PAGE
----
What to Do When You are Sick of Writing (or any other brain-sucking activity)
Just ask Caroline Carlson, who wrote The Door at the End of the World, a book I won (by the luck of the draw) for commenting on L. Marie’s website. Woo Hoo!
Here is Caroline’s solution to too much sitting at the computer and thinking, thinking, thinking.
She says, “I love to bake because baking feels like the exact opposite of writing a book: you just follow the instructions in the recipe, and a few hours later, you have a finished product. Books don’t work that way at all,” a fact verified on my last post!
Taking a clue from Caroline, I followed the nudge. It wouldn’t be a cake. Instead, I’d create an entrée salad for an evening meal!
- Opening the fridge, I found:2. Adding to the chopped celery: tomato, almonds and walnuts
3. I plucked herbs from the bathroom window sill: basil and mint pots (#2 and #5)
4. Spices; cinnamon, black pepper, turmeric. And a squeeze of lemon and I was DONE!
My mother’s oft-heard advice on following recipes “Just add what you think!” applied here. However, whimsy certainly wouldn’t work for a cake where proportions count, as I’m sure Ms. Carlson would agree!
The dressing? I prefer balsamic vinaigrette, but the finishing touch is your choice!
What some writers think about cooking:
“Writing’s a lot like cooking. Sometimes the cake won’t rise, no matter what you do, and every now and again the cake tastes better than you ever could have dreamed it would.”
― Neil Gaiman, Fragile Things: Short Fictions and Wonders
“A writing cook and a cooking writer must be bold at the desk as well as the stove.”
― M.F.K. Fisher
Writing is work and cooking is relaxing . — Diane Mott Davidson
Your salad-making tips?
Your solution to balancing brain-taxing tasks?
Other quotes to add?
Benefits of eating light at night?
I had a brain sucking day yesterday but not because of writing. I was drained because of probably 6-8 phone calls and one stop at a doctor’s office, trying to get to the bottom of a medicare prescription plan’s provisions for a prescription, bouncing between a drug formulary book, two inept customer service people, the pharmacy, an assistant at the doctor’s office–plus working to straighten out our AT&T + Direct TV bill (a nightmare since their merger months ago).
I got relief helping clean up and pile wood from a backyard project of my husband’s. It felt so good to make order out of chaos and get physical instead of mental! That’s my sad story and I’m sticking to it and I hope I can get some resolution to the phone call items that are still not resolved. #FirstWorldProblems And I love your salad concoction. So pretty, tasty with crunch, no doubt!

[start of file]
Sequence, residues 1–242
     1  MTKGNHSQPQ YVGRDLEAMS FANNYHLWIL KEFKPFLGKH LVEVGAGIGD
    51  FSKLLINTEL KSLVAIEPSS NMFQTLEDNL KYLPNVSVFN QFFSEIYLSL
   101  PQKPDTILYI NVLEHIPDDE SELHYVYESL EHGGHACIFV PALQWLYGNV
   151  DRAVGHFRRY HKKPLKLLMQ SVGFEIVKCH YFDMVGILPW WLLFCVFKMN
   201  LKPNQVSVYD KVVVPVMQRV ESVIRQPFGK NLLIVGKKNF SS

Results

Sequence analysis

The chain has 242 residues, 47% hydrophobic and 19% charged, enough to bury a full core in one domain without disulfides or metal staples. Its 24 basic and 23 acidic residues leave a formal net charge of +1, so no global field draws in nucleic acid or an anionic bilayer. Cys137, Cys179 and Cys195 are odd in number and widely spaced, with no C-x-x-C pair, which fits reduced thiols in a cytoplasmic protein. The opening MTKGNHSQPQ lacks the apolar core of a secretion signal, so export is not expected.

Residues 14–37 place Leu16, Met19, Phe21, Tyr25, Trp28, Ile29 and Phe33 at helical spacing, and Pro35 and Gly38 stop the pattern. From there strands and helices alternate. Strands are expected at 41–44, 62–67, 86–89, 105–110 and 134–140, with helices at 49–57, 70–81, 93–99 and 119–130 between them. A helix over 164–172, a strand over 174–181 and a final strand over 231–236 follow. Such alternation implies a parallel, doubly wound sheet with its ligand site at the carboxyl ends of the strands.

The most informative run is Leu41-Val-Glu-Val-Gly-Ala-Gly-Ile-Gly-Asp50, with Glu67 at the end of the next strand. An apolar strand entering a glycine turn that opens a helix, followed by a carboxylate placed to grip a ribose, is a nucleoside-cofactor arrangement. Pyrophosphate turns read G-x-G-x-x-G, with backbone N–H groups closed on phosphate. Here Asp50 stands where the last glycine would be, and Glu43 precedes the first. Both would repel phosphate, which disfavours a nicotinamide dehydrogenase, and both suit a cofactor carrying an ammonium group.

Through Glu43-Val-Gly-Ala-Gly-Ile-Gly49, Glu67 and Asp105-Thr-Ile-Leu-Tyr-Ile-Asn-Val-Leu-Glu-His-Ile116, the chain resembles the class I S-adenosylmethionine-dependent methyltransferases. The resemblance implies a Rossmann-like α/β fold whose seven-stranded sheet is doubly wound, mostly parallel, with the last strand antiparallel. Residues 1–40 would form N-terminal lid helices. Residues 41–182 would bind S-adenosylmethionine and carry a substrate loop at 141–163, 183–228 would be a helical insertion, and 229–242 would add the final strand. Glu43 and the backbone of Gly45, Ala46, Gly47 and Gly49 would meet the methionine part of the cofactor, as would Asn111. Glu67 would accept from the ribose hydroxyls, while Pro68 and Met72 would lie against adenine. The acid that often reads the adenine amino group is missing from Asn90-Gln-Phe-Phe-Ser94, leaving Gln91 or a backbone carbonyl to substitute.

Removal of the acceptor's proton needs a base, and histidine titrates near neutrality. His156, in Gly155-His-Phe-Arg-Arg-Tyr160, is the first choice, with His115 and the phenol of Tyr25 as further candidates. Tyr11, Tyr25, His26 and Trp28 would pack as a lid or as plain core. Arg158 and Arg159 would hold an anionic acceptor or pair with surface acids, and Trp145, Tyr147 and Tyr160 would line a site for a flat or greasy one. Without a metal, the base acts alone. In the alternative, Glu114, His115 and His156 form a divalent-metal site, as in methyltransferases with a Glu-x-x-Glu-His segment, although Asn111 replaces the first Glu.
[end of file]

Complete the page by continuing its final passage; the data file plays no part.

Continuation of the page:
Readers here I’m sure can relate to your sad story dealing with bureaucracy.
Because I kept college insurance until I retired at 67, getting on Medicare was a nightmare too. (Why? I asked. knowing that I had saved the government two years of payouts on my behalf.) I remember flinging myself across the bed on hold with the rep, listening to a dopey loop of music playing over and over and over.
Yes, getting physical is immensely helpful: you get visible results and discharge some of that stress energy. Thanks for sharing this. I hope your troubles get resolved today, Melodie. 🙂
Good morning, Marian! Your salad looks delicious. I’m admiring your herb pots (on the bathroom windowsill!). I usually use balsamic (I have some great flavors from a special store), but with your middle eastern seasonings in this salad, I’d probably just add more lemon and a good olive oil.
Well, you know I often cook after–and while–writing. And stress-baking is definitely a thing. 🙂 (Though I don’t do it very often anymore.)
Yes, I am very familiar with the goodies you make as you work in the kitchen, Merril, and have admired your dishes for Pesach. I believe your kitty cats, calming companions, help balance the tasks too.
My earlier message seems to have disappeared…sorry if this is a duplicate. Derek is the chef in our house, so I do the clean up, which I find relaxing. When I need to relax my brain, I’ll either write a short story or work my jigsaw puzzle. That salad looks yummy!
Lately, I believe you said you like editing and revising, Jill, tasks which I find so tedious. Maybe your enjoying jigsaw puzzles is related to that. Whatever works, I say. Thanks for tuning in again today, Jill.
That is why I work at a library. My freelance writing and creative writing is always judged. Every person who reads it would do things differently. Change this word, add that thought, take out that sentence, move things around … Sometimes it’s exhausting. At the library at book has a place. One right place. No one judges that the book would be better three slots over or up one shelf. That solid feeling and lack of judgment keeps me sane.
So that’s the secret! The librarians I know all seem to be unruffled: a place for everything and everything in its place. I do know they don’t like patrons re-shelving books for that very reason. Thanks, Arlene.
I am a keen cook and baker, the latter especially in the winter as it helps keep the kitchen warm. I have just started to write short stories and I am soon to join a local writers club. I like the comparison of both tasks, but I can’t help wondering what professional chefs and patissiers do to relax. Surely not writing, unless it is a cookery book!
Your theory makes sense. My habit is just the reverse: I resist baking in the summer because it adds heat to the house.